|Assembly||Île Seguin, Billancourt, France|
|Body and chassis|
|Engine||2120 cc I4
2383 cc I4
|Wheelbase||2,890 mm (113.8 in) ("KZ13/KZ17", "normal")
3,130 mm (123.2 in) ("KZ13/KZ17" "long")
|Length||4,250 mm (167.3 in) ("normal")
4,490 mm (176.8 in) ("long")
The Vivaquatre is a car produced by Renault between 1932 and 1939. It's large 4-cylinder engine placed it initially in the 10CV car tax class, though a larger engine later made it a contender in the 11CV class.
The "G7" long wheelbase version of the car was offered for taxi work from April 1933, and Vivaquatre taxis continued to operate till the end of the 1950s.
The Vivaquatre originated as an offshoot of the development of the Renault Primaquatre which had come to the market a year earlier. The two cars shared a broadly similar chassis design, although the Vivaquatre featured, even in its "normal" configuration, a wheelbase lengthened by 26 cm (10.2 in). Factory assigned project codes also hint at the shared origins of the two models. The original Vivaquatre was identified as project "KZ7" while the original Primaquatre was coded "KZ6". The predecessor model was in both cases known at the time as the Renault 10CV, but is identified in retrospect by the more distinctive project code as the "KZ".
The Vivaquatre replaced the Renault 10CV which had been as a robust unpretentious car. The Vivaquatre followed the same pattern, closely resembling the earlier car in terms of its principal mechanical elements. The manufacturer offered various "berline" (sedan/saloon) bodies but there was nothing so frivolous as a cabriolet or coupé bodied version. There was, however, a choice of two wheelbase lengths, the longer of which supported a "six-light" body (with three windows on each side) and underpinned the Vivaquatre's long running popularity with the trade of the taxi version.
The Vivaquatre was, in its time, the largest of Renault's four-cylinder models. It could easily be distinguished from models further up in the Renault range by its stand alone headlights and uncovered rear wheel at a time when the manufacturer's larger cars had their head-lights integrated into the front wings and the rear wheels partially covered by fashionable so-called "spats". The Vivaquatre's four cylinder engine also allowed for a shorter bonnet than that to be found on the six-cylinder Renaults. The car's no-nonsense image was further enhanced by a choice, at the time of the motor show in October 1935, between just two colours on the "Luxe" version, these being black and dark blue. Buyers of the "Grand Luxe" version found the colour palette extended to four, through the addition of grey and bordeaux. For the interior there was no choice but to go for standard "marron" (chestnut) coloured fabric.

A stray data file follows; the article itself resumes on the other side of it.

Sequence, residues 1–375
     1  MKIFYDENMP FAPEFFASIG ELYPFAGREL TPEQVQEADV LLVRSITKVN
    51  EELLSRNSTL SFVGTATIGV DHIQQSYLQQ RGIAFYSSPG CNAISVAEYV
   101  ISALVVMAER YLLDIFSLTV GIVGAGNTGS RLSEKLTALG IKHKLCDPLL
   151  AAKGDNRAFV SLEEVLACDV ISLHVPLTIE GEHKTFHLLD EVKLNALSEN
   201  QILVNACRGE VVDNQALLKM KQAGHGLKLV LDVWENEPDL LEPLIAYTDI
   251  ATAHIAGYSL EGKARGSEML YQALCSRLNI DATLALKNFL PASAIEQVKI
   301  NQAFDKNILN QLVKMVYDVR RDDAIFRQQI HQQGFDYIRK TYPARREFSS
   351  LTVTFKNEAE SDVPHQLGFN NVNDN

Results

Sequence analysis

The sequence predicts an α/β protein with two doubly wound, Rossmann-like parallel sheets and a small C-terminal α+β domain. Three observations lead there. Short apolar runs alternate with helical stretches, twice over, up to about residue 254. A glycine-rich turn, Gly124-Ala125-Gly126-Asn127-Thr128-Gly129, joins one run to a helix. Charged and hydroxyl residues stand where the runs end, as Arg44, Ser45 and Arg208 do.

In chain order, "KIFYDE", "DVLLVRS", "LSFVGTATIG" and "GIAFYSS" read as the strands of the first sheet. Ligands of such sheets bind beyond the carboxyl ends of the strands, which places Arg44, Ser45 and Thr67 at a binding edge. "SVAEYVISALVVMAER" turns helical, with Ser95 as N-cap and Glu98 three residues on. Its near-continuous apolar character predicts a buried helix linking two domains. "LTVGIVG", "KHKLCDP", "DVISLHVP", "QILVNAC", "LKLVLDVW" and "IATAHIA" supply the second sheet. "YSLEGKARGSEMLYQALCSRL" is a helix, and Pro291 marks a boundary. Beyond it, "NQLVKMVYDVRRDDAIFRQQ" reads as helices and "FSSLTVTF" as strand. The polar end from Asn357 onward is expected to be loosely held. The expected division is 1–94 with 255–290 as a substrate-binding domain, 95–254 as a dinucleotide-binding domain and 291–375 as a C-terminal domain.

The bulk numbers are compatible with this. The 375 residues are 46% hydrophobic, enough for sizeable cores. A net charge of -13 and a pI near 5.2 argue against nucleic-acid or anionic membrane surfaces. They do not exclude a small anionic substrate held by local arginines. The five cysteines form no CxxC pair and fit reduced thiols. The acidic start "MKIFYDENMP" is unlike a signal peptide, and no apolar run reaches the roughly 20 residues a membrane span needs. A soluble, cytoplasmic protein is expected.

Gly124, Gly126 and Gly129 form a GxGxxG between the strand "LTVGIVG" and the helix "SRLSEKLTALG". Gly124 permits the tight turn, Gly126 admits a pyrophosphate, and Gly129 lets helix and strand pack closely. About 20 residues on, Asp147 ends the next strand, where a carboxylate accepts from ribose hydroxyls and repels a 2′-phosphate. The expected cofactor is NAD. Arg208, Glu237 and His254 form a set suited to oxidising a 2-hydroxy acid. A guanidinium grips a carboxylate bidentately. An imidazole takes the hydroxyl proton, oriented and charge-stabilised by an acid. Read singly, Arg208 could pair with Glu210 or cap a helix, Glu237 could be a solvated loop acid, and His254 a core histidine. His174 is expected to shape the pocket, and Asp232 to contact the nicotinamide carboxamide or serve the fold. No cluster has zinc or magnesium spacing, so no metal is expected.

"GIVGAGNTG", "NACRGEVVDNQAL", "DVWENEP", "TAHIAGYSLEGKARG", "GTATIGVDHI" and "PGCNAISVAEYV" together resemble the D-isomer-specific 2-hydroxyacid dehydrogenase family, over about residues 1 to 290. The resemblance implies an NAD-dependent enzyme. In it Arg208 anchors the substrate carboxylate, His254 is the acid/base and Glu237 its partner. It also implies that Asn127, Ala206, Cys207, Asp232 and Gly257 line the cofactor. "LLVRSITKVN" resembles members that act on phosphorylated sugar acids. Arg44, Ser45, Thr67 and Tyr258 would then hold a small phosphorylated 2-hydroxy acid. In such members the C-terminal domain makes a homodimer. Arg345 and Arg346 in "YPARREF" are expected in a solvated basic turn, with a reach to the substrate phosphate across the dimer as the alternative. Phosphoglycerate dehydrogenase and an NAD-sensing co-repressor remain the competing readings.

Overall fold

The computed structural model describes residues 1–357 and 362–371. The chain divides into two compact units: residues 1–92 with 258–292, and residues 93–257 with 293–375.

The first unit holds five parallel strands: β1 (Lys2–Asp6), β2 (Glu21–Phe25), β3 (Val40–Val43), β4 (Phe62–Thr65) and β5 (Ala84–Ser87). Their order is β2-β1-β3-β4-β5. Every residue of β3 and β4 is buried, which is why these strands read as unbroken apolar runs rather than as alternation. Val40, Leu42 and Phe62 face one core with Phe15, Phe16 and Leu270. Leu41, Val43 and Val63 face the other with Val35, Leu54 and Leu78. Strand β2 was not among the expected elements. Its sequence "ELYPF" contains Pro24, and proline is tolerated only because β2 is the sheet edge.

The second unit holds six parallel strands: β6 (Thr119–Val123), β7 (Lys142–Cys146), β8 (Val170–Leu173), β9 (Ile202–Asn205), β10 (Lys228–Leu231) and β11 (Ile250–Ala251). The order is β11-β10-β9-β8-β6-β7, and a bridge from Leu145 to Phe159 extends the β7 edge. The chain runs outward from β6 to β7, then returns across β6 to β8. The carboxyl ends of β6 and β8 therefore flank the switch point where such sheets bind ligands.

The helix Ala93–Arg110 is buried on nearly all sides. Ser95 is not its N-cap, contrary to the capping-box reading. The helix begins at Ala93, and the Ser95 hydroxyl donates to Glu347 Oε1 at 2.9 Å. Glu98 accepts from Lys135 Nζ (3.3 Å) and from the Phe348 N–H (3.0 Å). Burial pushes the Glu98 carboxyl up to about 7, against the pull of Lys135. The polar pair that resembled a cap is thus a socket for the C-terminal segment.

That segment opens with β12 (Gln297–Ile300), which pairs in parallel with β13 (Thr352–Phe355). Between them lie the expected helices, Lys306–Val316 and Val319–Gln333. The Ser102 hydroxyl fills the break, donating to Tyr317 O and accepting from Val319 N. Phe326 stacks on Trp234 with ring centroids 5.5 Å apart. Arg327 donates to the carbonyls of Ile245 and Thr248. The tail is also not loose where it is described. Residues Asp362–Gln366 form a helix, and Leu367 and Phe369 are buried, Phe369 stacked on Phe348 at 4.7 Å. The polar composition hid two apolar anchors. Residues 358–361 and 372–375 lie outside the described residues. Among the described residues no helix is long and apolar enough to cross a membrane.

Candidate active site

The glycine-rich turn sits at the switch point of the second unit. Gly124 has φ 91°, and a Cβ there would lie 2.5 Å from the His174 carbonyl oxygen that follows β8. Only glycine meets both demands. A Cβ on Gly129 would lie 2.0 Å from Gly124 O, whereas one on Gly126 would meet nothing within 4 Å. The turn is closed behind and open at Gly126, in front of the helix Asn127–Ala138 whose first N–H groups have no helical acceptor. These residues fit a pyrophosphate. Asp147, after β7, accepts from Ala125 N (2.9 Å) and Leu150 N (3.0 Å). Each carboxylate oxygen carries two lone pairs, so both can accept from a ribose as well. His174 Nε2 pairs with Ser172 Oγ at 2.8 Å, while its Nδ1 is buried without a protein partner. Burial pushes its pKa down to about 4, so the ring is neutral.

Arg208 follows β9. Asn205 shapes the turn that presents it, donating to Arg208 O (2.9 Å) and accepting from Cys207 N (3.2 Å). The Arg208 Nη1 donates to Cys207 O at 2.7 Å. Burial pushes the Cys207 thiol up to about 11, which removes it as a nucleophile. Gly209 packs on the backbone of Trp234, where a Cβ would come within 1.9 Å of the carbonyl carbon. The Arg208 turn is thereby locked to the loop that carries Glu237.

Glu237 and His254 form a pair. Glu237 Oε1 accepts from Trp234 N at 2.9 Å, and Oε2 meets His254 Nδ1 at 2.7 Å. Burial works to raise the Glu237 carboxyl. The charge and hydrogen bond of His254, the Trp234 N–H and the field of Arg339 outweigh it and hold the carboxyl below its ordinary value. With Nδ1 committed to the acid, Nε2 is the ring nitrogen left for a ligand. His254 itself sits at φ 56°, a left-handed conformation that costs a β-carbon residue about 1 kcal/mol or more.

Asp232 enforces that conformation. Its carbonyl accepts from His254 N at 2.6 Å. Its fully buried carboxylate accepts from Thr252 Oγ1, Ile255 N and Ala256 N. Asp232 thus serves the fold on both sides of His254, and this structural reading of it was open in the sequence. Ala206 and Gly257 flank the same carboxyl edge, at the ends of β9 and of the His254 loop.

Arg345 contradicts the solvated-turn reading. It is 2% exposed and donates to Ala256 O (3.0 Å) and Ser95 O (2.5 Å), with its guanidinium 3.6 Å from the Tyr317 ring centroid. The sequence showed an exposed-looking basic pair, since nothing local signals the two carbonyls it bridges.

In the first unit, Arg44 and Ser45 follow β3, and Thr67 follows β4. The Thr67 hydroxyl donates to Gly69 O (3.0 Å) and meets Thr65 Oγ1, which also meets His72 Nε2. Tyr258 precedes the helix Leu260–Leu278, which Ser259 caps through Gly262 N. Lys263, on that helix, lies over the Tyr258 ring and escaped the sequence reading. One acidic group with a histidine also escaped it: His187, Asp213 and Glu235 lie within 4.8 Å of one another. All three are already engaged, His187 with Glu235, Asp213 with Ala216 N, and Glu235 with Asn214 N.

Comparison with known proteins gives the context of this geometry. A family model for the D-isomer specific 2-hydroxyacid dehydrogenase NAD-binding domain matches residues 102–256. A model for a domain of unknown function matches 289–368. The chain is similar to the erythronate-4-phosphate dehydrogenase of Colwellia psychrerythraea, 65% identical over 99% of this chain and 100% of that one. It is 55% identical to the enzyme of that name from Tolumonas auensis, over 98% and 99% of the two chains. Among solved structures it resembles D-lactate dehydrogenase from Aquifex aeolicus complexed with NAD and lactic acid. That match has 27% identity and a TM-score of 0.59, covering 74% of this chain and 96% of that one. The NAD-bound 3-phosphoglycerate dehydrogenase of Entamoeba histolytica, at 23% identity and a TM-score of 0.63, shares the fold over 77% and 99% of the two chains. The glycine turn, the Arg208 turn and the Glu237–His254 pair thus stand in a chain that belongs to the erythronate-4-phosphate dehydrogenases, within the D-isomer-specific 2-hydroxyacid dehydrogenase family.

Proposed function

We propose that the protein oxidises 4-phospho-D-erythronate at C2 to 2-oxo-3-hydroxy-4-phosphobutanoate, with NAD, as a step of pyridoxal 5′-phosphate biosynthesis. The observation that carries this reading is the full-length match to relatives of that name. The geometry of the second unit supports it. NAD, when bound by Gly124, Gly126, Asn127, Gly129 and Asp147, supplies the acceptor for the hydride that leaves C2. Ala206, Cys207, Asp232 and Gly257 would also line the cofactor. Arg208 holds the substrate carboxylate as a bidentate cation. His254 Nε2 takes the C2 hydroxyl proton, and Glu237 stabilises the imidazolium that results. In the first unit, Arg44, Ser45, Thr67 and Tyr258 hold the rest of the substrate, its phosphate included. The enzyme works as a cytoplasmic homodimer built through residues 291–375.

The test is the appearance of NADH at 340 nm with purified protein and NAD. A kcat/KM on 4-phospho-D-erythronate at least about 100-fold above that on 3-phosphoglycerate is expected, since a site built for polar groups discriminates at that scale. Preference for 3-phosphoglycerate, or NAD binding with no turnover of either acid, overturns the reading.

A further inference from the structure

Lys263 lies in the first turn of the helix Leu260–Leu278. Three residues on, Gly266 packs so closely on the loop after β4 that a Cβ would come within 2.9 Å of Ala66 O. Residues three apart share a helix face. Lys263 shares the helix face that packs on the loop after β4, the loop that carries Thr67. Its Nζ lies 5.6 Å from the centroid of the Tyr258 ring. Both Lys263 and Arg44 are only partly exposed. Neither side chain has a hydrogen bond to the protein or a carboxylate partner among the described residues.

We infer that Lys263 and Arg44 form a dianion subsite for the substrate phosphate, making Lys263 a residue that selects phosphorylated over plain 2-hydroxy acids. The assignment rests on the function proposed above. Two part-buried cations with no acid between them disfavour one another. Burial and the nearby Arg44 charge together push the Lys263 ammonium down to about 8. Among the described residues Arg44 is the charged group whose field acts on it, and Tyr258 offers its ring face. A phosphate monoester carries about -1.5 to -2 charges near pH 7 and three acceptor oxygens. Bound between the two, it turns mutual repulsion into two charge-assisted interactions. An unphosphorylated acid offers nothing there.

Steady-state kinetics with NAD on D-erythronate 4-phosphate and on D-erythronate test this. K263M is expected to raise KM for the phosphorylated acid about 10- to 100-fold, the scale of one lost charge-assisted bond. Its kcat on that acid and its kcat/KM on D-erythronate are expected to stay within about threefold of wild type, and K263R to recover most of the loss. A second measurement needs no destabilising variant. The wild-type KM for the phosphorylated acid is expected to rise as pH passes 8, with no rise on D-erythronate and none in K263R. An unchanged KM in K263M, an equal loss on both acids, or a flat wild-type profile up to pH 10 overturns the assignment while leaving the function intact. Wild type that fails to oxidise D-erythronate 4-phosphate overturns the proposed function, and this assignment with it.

Engine and runnings gear
The 4-cylinder side-valve 2120cc fitted on the original Vivaquatre provided a claimed maximum output of 35 hp. The listed power output increased, but the engine size remained constant through the subsequent "KZ17" (1934) and "KZ23" (1935) versions of the car. Power was delivered to the rear wheels, and the three speed transmission came without synchromesh.
The car's evolution followed the Renault tradition of a long series of incremental changes, and there were also frequent body changes, as the car's style became progressively more modern and "aerodynamic". The situation is complicated, in retrospect, by the tendency of the Renault catalogues to offer for sale more than one generation of the model at a time. From April 1932 the manufacturer added the option of paying (in 1932) an extra 4,000 francs of an "SA" version of the engine. "SA" stood for "Suspendu Amorti" which was intended to highlight changes to the engine mountings designed to reduce the effects of engine vibration. This presumably was in response to the "Moteur flottant" ("floating engine") introduced at the same time by Citroën.
1933 (1934 Model Year)
At the 27th Paris Motor Show in October 1933 Renault were displaying the "KZ13" version of the Vivaquatre. Both the "normal" and "long" bodied cars retained the conventional square-backed style of the early 1930s, but the corners were a little more rounded and, most obviously, the previously vertical front grill was now raked at an angle. (The same fashion driven change was being applied to the Citroën Rosalie at this time.) Renault were advertising six different standard body options, all of which were types of "berline" (sedan/saloon). Two featured two side windows on each side and four were "six-light" designs, with three windows on each side of the body. The six body types (with October 1933 listed prices) were:
- "Berline Luxe: 5 places" 23,900 francs,
- "Berline Grand Luxe: 5 places" 25,400 francs,
- "Conduite Intérieure Luxe: 7 places" 29,600 francs,